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Asia. They visit a¯s´ramas in India, Tibet, and Nepal and delve into mysticism, which is all part of what Rodger Kamenetz (1994) called ‘the “Ju-Bu” phenomenon.’ During the past decade, there have been several Jewish-Buddhist meetings held in the presence of the Dalai Lama in Dharmasala, in Jerusalem, and elsewhere.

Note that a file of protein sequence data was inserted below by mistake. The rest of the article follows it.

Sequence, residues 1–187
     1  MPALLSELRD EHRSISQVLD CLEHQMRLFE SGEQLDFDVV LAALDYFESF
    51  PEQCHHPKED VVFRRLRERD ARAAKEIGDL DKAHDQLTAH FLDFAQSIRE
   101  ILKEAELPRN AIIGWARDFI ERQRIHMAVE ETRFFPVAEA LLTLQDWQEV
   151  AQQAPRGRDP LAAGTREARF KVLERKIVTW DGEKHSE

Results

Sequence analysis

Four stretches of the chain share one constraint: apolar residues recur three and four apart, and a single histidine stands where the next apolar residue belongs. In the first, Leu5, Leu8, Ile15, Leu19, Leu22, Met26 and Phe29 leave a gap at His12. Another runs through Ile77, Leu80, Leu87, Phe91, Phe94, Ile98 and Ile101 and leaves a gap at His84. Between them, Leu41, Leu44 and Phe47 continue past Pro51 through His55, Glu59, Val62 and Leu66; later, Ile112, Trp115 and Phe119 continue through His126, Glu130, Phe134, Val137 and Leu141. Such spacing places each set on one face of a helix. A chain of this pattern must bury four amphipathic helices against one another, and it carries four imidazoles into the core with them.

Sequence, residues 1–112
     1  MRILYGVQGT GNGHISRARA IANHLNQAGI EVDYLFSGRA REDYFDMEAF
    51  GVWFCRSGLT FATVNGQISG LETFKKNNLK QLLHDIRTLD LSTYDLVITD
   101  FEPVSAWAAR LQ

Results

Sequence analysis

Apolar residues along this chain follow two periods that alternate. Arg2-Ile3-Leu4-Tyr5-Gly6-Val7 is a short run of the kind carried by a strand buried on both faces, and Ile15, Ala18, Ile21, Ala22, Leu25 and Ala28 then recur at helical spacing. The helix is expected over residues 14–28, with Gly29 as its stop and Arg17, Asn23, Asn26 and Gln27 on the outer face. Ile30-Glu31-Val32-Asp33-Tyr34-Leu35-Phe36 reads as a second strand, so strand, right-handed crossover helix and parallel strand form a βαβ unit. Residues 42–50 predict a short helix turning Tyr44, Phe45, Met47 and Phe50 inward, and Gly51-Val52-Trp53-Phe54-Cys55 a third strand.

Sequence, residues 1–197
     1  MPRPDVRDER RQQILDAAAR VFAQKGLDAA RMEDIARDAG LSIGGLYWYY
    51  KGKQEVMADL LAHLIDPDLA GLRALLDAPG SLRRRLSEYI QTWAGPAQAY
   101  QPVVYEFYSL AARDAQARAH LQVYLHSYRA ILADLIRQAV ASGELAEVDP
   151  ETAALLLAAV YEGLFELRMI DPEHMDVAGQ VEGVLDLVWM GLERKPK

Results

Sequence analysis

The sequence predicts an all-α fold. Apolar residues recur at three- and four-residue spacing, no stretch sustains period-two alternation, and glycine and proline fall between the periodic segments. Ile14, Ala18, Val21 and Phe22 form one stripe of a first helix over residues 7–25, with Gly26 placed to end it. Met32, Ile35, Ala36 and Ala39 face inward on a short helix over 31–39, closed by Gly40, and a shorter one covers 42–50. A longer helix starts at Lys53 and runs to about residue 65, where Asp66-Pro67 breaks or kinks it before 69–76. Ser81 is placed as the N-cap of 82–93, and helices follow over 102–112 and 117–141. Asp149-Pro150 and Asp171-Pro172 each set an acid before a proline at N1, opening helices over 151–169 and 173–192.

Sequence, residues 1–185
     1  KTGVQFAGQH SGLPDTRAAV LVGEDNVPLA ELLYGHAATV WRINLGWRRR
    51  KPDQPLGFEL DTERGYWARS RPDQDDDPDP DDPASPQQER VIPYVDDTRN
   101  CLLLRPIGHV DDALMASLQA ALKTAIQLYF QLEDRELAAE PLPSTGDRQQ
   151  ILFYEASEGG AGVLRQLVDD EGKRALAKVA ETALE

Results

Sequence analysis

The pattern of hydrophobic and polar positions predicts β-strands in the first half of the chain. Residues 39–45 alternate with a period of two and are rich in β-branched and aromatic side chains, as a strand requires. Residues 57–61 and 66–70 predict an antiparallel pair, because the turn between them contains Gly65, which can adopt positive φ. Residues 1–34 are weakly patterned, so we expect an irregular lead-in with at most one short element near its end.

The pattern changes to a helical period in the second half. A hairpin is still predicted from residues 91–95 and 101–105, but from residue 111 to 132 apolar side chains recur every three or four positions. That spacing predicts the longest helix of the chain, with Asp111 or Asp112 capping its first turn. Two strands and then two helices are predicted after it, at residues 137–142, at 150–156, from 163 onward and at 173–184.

The tradition in the study of religions Indo-Judaic Studies have been slow to develop, but this state of affairs is gradually changing as the field is beginning to receive legitimation and to make its mark on the academic map internationally. The expansion of the field can really be attributed to the last decade. It may be related to the influence of what Y. Sheleg (2000) calls the ‘new spirituals,’ who incorporate elements of Hindu practice such as meditation with Jewish practice and learning. It can also be attributed to the establishment of Israeli diplomatic relations with India in 1992 and to the informal meetings and lectures organized by voluntary organizations such as the Israel–India Cultural Association, the official friendship organization between the two countries founded in Israel in 1992. Indians, as well as Israelis and diasporic Jews, have entered the scholarly arena of Indo-Judaic Studies. C. R. Das (1996) edited a special issue of Eastern Anthropologist on Indian Jews; Margaret Abrahams published an article on the Indian Jews in Israel (1995); and a few graduate students, including S. Sreekala (1995), completed dissertations on Indian Jews in Israel. The Israeli journal Pe  amim published new research in Hebrew on Indian Jews and Indian Jewish texts, and the Ben-Zvi Institute hosted several seminars on the subject. In 1995 the American Academy of Religion set up its Comparative Studies in Hinduisms and Judaisms Consultation, and in 1997 its Hinduisms and Judaisms Group. The academic discipline received a boost with the publication of Hananya Goodman’s edited volume, Between Jerusalem and Benares: Comparative Studies in Judaism and Hinduism (1994), a pioneering effort, which brought together a group of scholars to investigate what Goodman calls the ‘resonances’ between the great Judaic and Hindu traditions. Similarly, the publication of Barbara Holdrege’s monumental Veda and Torah (1996), which provided equal space and importance to Hinduism and Judaism alike, was a milestone. Holdrege succeeded in imparting the contextuality and textuality of both religions, and instead of characterizing the Hindu and Jewish traditions as opposite ends of the spectrum of the world’s religions, she argued that the Bra¯hman.ical and rabbinic traditions were both ‘embodied communities.’ Both religions study texts that codified their norms in the form of scriptural canons; both represent ethnocultural systems concerned with peoplehood, identity, and tradition, particularly as it is transmitted through family, ethnicity, and culture; and both represent religions of orthopraxy with complex legal systems and laws about purity and impurity. The publication of the Journal of Indo-Judaic Studies began in 1998 and has consistently published interesting and important articles on comparative religion, Indian Jews, history of commerce between the Middle East and India, India and the Holocaust, and more. Books and journal articles on South Asian Jews, including information on the newly emerging groups who want to affiliate with Judaism (Parfitt 2002), continue to be published at a steady pace (for example, Daniel and Johnson 1995; Roland 2002; Weil 2003). The publication of the volume India’s Jewish Heritage: Ritual, Art and Life-cycle (Weil 2002b) attracted great attention and is already in its second edition. In 182